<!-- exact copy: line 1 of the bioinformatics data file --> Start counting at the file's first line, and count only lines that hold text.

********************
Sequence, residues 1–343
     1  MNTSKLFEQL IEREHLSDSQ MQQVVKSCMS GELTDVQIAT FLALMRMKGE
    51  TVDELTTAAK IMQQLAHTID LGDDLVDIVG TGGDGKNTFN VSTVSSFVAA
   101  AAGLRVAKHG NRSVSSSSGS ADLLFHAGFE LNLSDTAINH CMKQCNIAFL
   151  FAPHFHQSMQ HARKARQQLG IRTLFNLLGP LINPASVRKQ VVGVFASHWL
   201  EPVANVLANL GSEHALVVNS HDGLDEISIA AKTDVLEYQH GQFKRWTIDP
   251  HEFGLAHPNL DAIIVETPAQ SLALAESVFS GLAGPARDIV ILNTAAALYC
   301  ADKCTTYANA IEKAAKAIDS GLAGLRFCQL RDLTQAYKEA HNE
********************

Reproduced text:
Sequence, residues 1–343